Community Way Local Currency

Uncategorized  Tagged , , November 2nd, 2010

What if a currency had caring for the community built right into its structure?  What if, by design, a currency were based on generosity rather than greed?

Meet the Community Way!  This is the invention of Michael Linton who designed the Local Exchange Trading System (LETS) over 30 years ago.

Michael and his friends, Ernie Yacub and Pieter Vorster came to Nelson to demonstrate this model to us this past Saturday, October 30th.  It’s tricky to wrap your mind around, but worth the mental exertion.

First, businesses donate Community Way currency to a local charity.  $1,000 per employee is the recommended amount.  As soon as the business does this, it qualifies to receive a federal tax deduction, which it receives from the charity.  This act of giving is shown as a debit in the account of the business and a credit in the account of the local charity.  No hard cash is given by the business, just a promise to honour Community Way currency as a portion of the purchase price of the goods or services that it sells to its customers.

Second, the local charity calls the Community Way administrator to report the transaction and to ask for the actual currency.  When members of the public make a donation to the charity, they’re asked if they would prefer a tax receipt OR the same amount of money in Community Way dollars.  This way the charity receives Canadian dollars and the donor doesn’t lose spending power.  In effect, a person, who exchanges Canadian dollars for Community Way dollars, gets to spend the same dollar twice.  Once to support a charity and once to purchase goods with Community Way dollars.

Members of the public now go to local businesses who have donated currency and can pay a percentage of the price of goods or services sold in Community Way dollars. The percentage is determined by the business.  The business knows that the Community Way dollars will be spent in the community, and members of the public get to support local charities without loss of spending power.  If their employees consent, local businesses can pay their employees partly in Community Way dollars, give bonuses in the local currency, and make, exchange or sell more Community Way dollars.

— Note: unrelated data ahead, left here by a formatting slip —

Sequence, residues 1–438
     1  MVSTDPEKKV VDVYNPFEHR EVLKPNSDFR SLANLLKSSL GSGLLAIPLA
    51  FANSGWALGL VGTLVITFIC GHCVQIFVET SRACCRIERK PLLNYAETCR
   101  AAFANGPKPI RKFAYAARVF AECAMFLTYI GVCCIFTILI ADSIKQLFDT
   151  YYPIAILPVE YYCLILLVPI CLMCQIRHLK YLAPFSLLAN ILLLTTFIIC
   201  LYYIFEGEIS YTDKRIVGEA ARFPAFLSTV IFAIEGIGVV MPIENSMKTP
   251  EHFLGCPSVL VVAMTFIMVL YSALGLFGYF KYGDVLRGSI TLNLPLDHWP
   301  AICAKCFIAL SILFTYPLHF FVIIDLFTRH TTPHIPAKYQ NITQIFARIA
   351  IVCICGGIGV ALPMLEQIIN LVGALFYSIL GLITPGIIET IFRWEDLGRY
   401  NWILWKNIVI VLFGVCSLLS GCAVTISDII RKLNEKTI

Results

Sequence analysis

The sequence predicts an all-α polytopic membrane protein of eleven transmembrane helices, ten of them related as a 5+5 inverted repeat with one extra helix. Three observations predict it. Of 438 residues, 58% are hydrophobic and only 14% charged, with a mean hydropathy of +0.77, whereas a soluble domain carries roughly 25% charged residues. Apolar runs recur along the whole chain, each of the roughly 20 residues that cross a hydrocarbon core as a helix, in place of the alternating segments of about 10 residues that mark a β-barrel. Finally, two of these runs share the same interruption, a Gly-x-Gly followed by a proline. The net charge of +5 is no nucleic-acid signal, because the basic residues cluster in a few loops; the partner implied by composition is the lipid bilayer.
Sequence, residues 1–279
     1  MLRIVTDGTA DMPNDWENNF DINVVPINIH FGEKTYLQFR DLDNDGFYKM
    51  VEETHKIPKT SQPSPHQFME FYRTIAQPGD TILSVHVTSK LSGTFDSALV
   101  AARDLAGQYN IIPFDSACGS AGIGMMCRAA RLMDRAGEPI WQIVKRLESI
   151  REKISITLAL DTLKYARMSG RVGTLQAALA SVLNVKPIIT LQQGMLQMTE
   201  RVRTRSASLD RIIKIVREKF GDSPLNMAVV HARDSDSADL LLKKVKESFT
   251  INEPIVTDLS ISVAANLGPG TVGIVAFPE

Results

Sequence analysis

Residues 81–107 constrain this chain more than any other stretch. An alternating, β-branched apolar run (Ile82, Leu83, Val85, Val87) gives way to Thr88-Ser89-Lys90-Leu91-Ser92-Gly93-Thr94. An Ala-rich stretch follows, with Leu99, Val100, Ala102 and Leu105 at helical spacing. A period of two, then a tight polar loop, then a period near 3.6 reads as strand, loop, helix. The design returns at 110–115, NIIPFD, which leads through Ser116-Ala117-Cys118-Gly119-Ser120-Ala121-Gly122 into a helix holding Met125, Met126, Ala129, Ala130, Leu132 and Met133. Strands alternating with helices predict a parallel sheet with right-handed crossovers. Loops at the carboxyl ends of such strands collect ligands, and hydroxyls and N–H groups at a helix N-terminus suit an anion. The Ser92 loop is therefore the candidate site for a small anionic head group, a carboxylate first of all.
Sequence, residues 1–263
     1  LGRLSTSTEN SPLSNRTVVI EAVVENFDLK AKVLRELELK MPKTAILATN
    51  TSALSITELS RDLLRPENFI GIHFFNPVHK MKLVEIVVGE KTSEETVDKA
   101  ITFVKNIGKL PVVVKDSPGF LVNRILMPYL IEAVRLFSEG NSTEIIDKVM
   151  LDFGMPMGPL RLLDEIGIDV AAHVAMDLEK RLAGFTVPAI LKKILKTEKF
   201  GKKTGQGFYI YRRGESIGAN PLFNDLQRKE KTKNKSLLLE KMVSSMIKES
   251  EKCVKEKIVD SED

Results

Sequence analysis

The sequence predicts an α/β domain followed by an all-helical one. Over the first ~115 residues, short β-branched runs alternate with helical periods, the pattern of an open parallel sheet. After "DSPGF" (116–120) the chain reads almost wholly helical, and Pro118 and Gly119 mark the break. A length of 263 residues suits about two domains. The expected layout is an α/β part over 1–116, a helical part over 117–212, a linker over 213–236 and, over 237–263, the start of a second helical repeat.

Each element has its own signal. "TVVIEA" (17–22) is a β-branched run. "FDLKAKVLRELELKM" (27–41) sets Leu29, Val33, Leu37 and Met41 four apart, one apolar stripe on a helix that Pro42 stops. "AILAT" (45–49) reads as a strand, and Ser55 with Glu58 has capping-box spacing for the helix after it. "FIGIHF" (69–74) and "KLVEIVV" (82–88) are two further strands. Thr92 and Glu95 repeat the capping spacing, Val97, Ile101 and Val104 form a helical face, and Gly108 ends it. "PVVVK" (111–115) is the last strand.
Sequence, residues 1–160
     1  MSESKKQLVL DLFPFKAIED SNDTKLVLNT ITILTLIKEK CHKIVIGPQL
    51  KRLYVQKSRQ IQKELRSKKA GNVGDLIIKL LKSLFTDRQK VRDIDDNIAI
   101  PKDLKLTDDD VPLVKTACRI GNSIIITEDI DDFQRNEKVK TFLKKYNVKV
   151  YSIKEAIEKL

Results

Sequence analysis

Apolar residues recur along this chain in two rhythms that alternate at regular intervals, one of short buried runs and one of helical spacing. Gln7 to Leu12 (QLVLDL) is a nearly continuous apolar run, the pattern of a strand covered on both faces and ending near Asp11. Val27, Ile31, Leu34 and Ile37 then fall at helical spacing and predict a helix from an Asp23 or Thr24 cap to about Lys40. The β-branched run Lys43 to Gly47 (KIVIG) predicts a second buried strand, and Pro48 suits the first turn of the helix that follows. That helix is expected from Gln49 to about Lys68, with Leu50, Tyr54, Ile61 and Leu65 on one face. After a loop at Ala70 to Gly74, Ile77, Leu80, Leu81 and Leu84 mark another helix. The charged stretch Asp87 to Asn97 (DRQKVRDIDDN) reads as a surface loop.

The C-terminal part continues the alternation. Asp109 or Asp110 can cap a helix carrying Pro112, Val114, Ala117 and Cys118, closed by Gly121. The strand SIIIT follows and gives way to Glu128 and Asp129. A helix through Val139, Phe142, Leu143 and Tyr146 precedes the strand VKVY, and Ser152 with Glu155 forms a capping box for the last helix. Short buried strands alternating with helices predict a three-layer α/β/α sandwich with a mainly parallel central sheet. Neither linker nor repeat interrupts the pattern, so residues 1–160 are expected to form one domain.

Since these dollars are only good in Kootenay communities, they stay in the community, increase everyone’s spending power, encourage charitable giving and stimulate participating businesses. So far, Fernie and Kimberley are also looking seriously at creating their own local currencies, and we’re all discussing how we can link our systems together.

We plan to roll this new currency out in January, 2011, and hope you will join us, whether you’re a business, non-profit, charity or citizen.  We have nothing to lose and everything to gain!

Transition Nelson gratefully acknowledges the financial contributions of Columbia Basin Trust and other private donors who helped to fund this event.

621 Responses to “Community Way Local Currency”

  1.   ernie yacub Says:

    great explanation, i hope you film your next live pitch, we need more gender balance ;)

  2.   Diana van Eyk Says:

    Thanks, Ernie.

    We’ll see what we can do. We’re going to ad lib something this evening for the green drinks crowd.

  3.   Pieter Vorster Says:

    Hey Diana,

    outstanding breakdown of the process of cw$. I’ve shared this through multitple other mediums and hope that more and more people take interest and initiative, as you have.

    Keep ‘em coming!

  4.   Steven Cain Says:

    Interesting. You definitely need to watch all three videos. It’s a step beyond Barter Bucks, and as long as the honoring takes place, I can see how it could grow over time. Nicely put together Diana.

  5.   Diana van Eyk Says:

    Thanks, Steve, for the comment and for the video embed help. It’s actually a lot different from the old Barter Bucks system. And you’re right about the need to watch all three videos. It seems to take some doing to really wrap your head around how this works, but it really is impressive when you get it.

  6.   Diana van Eyk Says:

    Thanks so much Pieter! Glad I got it right — hearing that from you is very reassuring. Great to meet you, and thanks for helping us to grasp the idea so well.

  7.   Bonnie Baker Says:

    I agree we need gender parity, and also that we must emphasize that the community needs to buy in and we need to know who will be running the website and issueing the community way dollars.But as a member of several cash strapped non-profit organization, I am very interested in this model.

  8.   ernie yacub Says:

    hi bonnie, cw$ are issued by businesses in the form of donations to community orgs, done simply as account to account transfers in the cw system.

    for example, a small business with a couple of staff would donate cw$3000 to orgs of their choice – the business account opens at -3000 and the org accounts +3000. NB the business pays NO canadian dollars to participate.

  9.   grass fed meat Says:

    Who wills the end wills the means.


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